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Trailer Roundup: “The Lovebirds” and the bees edition

Courtesy of Paramount Pictures

So many trailers. So little time. “Trailer Roundup” is your semi-regular collection of the day’s biggest trailers along with some premature judgment on whether the films they advertise will be worth your time.

The film: “The Lovebirds”

The talent: Funny folks Kumail Nanjiani and Issa Rae are the star attractions here. Michael Showalter, who directed Nanjiani in “The Big Sick”, is behind the camera.

The logline: Nanjiani and Rae are a couple on the brink of breaking up who get unintentionally embroiled in a bizarre (and hilarious) murder mystery. As they get closer to clearing their names and solving the case, they need to figure out how they, and their relationship, can survive the night.”

How does it look? The plot recalls everything from “Date Night” to “Game Night” to Netflix’s “Murder Mystery” with Adam Sandler. But funny folks can elevate the most middling material, and both Nanjiani and Rae look to be on the top of their game here. The jokes in the trailer land even though they’re not super original.

This looks fun, but we’ll find out for sure when “The Lovebirds” fly into theaters on April 3.

The film: “Lost Girls”

The talent: Documentary filmmaker Liz Garbus makes her scripted debut with this Netflix original movie. She’s assembled a solid cast led by Amy Ryan and Gabriel Byrne with Dean Winters popping in to remind us all that he can act outside of insurance commercials.

The logline: When 24-year-old Shannan Gilbert mysteriously disappears one night, her mother Mari embarks on a dark journey that finds her face to face with hard truths about her daughter, herself, and police bias. Determined to find her daughter at all costs, Mari Gilbert retraces Shannan’s last known steps, driving her own investigation to an insular gated community near the desolate outer banks of Long Island. Her discoveries force law enforcement and the media to uncover more than a dozen unsolved murders of sex workers, young lives Mari will not let the world forget.”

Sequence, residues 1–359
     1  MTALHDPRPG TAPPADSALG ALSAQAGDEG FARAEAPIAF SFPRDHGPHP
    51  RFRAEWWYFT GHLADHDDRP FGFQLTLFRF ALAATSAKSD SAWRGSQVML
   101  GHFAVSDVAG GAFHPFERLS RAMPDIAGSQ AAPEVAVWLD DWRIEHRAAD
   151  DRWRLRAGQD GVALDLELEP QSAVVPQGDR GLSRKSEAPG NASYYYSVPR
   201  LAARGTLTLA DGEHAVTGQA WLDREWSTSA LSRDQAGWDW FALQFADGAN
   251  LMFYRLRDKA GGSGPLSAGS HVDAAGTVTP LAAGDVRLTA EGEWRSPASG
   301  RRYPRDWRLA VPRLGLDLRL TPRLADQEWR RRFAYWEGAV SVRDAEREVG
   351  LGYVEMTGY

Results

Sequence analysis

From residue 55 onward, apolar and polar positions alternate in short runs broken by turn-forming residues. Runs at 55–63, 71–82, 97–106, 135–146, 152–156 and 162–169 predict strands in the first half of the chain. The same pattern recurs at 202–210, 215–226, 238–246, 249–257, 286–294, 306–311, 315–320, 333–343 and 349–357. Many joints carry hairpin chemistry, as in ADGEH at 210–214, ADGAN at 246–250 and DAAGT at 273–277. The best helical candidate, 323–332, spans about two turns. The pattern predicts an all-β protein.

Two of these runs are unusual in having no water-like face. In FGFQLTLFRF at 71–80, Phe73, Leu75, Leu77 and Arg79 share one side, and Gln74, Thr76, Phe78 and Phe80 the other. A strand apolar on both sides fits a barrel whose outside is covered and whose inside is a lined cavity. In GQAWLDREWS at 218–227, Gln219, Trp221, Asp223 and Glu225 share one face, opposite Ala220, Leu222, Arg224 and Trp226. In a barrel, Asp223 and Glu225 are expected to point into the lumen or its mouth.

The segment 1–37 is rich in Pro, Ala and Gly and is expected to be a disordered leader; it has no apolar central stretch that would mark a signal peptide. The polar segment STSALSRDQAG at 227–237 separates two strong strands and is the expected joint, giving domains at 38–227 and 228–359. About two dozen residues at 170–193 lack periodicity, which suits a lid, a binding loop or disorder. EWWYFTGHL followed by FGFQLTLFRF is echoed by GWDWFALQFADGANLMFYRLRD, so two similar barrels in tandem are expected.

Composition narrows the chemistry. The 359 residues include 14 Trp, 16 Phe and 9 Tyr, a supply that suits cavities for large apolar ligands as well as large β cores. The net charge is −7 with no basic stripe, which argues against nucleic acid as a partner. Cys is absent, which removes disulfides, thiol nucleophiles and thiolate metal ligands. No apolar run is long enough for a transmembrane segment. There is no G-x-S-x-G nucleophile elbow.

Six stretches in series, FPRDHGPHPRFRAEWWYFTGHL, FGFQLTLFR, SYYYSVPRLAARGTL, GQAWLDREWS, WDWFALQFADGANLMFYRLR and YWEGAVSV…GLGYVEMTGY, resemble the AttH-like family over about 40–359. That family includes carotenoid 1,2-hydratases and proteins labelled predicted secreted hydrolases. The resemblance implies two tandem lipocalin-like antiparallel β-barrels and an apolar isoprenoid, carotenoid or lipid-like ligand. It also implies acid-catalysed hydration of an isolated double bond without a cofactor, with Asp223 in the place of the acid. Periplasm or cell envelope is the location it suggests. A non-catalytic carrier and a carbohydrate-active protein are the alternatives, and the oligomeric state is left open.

How does it look? Bleak and depressing, which I think is what Garbus is going for. This won’t be a fun watch, but it has a lot of potential to be a compelling one.

“Lost Girls” premieres on Netflix on March 13 following a screening at the Sundance Film Festival later this month.

The film: “Hope Gap”

The talent: Oscar-nominated screenwriter William Nicholson directs veteran actors Annette Benning and Bill Nighy.

The logline: “The intimate, intense and loving story of ‘Hope Gap’ charts the life of Grace (Annette Bening), shocked to learn her husband (Bill Nighy) is leaving her for another after 29 years of marriage, and the ensuing emotional fallout the dissolution has on their only grown son (Josh O’Connor). Unraveled and feeling displaced in her small seaside town, Grace ultimately regains her footing and discovers a new, powerful voice.”

How does it look? Not too bad. It looks like a slightly lighter take on “Marriage Story” left in the capable hands of two talented veteran actors. The Rotten Tomatoes reviews so far aren’t great, but, really, what are the chances this isn’t at least watchable?

We’ll see when “Hope Gap” comes to theaters on March 6.

About the author

Stephen Dow is an award-winning journalist with a passion for film – not just consuming it, but thoughtfully and actively engaging with it. He believes that these modern myths have a lot to tell us about our world and ourselves.  He can be reached at




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